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New FCC Adviser is a Broadcast Blaster

WASHINGTON: Much ado is being made of FCC Chairman Julius Genachowski’s recent appointment of Duke University Professor Stuart Benjamin as the agency’s first Distinguished Scholar in Residence. The former Supreme Court law clerk will work at the commission on spectrum reform, the agency’s euphemism for reallocating broadcast TV spectrum for wireless broadband.

Reports emerged over the weekend high-lighting Benjamin’s bias against the broadcast industry. In a paper entitled “Roasting the Pig to Burn Down the House: A modest Proposal,” Benjamin endorses enforcing deleterious regulations on broadcasters to run them out of business and free up the radio frequency spectrum.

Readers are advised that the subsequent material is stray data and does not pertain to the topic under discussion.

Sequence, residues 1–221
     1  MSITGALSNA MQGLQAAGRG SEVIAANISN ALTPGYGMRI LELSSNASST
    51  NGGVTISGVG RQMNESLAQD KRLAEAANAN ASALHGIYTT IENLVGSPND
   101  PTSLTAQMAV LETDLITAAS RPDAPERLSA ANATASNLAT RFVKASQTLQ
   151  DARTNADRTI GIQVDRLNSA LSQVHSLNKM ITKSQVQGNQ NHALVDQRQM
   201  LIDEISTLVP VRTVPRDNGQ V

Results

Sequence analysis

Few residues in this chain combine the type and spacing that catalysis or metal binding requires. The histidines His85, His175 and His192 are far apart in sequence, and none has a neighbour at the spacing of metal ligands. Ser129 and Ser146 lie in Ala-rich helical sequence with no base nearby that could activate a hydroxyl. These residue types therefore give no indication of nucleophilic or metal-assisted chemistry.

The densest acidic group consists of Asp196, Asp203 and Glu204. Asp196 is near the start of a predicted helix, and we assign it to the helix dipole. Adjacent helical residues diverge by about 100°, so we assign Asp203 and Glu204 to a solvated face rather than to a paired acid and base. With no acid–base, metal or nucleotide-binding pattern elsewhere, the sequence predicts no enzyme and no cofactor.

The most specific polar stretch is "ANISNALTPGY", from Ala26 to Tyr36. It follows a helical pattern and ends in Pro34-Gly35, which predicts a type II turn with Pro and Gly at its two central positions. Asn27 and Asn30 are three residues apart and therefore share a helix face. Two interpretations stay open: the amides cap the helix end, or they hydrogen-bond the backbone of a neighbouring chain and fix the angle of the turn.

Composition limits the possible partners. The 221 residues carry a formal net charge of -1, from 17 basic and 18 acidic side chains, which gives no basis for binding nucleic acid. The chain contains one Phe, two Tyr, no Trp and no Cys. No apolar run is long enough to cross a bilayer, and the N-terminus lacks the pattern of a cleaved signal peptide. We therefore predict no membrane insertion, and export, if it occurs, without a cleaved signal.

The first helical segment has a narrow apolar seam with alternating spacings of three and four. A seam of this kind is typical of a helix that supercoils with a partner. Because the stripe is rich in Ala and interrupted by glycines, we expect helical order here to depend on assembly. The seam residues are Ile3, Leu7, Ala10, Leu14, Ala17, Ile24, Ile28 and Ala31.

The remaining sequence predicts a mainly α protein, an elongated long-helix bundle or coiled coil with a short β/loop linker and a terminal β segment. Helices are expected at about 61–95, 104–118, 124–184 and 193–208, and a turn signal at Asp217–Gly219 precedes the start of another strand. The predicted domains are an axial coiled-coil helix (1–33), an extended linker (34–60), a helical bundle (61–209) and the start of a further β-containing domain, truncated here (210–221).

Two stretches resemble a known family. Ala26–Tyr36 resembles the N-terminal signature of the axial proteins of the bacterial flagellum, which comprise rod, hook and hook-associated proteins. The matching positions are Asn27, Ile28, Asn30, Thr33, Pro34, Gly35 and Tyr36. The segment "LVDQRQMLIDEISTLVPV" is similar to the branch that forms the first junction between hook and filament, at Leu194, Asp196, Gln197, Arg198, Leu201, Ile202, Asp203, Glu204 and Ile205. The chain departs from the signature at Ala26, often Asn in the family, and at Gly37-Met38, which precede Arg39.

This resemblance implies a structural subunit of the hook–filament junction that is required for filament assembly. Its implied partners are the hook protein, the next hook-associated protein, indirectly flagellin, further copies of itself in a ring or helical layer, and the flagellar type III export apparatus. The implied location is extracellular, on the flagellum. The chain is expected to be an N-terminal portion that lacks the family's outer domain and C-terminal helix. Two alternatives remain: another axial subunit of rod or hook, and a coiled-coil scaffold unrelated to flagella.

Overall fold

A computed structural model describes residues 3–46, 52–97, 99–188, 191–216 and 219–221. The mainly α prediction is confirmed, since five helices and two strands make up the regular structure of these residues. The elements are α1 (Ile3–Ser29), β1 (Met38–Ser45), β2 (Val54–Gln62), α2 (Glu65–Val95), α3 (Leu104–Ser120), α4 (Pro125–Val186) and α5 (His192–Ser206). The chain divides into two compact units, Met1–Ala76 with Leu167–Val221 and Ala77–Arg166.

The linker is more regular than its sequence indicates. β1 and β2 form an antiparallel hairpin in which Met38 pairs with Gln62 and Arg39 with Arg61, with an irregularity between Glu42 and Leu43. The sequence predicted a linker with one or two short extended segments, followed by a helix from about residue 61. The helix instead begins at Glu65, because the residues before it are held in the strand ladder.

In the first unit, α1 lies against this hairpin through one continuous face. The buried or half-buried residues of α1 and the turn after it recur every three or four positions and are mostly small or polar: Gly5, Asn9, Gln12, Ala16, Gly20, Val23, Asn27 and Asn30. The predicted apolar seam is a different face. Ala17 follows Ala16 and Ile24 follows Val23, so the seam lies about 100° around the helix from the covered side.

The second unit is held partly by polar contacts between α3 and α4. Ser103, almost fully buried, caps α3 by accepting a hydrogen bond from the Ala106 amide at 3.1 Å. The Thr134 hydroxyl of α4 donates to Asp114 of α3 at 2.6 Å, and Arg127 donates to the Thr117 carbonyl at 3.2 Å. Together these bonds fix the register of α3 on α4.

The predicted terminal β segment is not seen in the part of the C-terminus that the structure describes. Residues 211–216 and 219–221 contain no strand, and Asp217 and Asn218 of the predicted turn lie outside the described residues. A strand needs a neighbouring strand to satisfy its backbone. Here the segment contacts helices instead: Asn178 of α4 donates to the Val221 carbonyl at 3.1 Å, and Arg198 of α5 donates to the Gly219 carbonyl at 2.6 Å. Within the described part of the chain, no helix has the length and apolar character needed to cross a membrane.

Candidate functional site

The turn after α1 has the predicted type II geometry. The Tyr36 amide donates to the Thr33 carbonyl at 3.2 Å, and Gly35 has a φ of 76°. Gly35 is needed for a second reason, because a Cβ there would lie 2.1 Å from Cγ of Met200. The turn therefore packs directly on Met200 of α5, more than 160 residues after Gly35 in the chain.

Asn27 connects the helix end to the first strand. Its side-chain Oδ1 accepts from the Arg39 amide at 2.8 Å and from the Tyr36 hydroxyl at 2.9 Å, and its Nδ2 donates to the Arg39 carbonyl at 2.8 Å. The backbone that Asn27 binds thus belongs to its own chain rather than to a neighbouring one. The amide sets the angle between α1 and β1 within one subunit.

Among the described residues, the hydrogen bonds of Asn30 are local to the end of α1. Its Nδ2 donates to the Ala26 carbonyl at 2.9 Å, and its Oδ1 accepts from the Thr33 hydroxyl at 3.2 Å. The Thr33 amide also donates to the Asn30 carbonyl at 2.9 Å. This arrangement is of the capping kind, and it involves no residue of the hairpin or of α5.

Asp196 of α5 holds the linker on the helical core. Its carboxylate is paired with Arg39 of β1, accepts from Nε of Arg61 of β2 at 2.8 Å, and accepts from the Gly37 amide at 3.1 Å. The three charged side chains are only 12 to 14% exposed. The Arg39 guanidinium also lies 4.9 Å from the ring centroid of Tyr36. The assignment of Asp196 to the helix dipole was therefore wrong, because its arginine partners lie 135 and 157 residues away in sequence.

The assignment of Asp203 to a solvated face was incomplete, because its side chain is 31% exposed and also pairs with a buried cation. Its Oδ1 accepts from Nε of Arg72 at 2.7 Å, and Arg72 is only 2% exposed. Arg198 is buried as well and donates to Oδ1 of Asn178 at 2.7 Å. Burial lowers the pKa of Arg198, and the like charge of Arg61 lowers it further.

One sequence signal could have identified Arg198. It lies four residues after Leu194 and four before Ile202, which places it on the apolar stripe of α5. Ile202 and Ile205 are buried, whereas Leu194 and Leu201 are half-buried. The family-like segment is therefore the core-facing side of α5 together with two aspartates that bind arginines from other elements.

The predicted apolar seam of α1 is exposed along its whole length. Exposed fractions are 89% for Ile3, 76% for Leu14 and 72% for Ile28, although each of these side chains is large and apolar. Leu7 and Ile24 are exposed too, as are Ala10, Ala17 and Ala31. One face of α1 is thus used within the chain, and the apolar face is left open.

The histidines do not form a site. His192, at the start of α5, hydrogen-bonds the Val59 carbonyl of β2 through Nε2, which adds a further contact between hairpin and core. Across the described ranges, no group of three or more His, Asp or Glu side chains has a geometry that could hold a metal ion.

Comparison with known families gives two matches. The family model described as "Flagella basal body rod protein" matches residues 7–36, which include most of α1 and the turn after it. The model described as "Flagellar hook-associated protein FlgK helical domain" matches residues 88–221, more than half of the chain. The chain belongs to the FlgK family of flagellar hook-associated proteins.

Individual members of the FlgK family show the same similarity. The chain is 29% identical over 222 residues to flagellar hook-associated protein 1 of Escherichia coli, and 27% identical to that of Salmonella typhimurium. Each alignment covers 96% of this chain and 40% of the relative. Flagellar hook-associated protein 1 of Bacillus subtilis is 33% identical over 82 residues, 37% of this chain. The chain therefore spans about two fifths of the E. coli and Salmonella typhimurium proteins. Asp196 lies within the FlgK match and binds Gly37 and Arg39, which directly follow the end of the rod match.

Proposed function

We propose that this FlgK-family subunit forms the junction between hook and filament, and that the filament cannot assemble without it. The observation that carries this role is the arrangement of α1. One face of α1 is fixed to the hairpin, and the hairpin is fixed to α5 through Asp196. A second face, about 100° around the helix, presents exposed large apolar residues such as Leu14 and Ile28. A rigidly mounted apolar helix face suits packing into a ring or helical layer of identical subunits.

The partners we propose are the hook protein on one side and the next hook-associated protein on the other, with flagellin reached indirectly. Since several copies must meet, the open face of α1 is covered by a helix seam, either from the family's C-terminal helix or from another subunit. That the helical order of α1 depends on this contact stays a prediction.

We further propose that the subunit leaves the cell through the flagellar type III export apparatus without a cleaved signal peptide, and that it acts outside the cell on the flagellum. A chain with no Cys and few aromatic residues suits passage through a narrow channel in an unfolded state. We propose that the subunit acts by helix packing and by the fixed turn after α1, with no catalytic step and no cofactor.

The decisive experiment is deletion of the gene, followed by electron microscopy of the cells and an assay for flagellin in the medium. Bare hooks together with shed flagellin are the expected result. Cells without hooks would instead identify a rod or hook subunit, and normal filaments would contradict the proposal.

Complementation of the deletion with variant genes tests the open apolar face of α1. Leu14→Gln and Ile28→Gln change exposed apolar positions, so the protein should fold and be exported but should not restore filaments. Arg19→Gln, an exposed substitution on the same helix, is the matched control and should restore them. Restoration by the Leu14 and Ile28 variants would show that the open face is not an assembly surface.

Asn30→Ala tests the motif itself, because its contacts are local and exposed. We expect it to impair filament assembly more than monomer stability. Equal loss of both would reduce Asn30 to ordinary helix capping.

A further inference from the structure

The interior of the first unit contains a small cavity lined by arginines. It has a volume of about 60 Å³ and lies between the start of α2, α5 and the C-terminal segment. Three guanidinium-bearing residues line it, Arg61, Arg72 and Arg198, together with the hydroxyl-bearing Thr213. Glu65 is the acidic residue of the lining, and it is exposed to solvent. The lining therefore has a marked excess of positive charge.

“...we should support new regulations that will make broadcasting unprofitable, to hasten its demise. But it cannot be just any costly regulation: if a regulation would tend to entrench broadcasting’s place on the airwaves, then the regulation will not help to free up the spectrum and should be avoided. Ideal regulations for this purpose are probably those that are pure deadweight loss--regulations that cost broadcasters significant amounts of money but have no impact on their behavior. Am I serious in writing all this? Not entirely, but mostly.”

“I would prefer not to go down this path,” Benjamin writes, “but if that is the only way to hasten the shriveling of television broadcasting’s spectrum usage, then it is probably a path worth taking.”

TVNewsCheck’s Harry Jessell dubbed Benjamin as the FCC’s “broadcast TV hitman.” His editorial, and Benjamin’s 13-page “Roasting the Pig” paper is at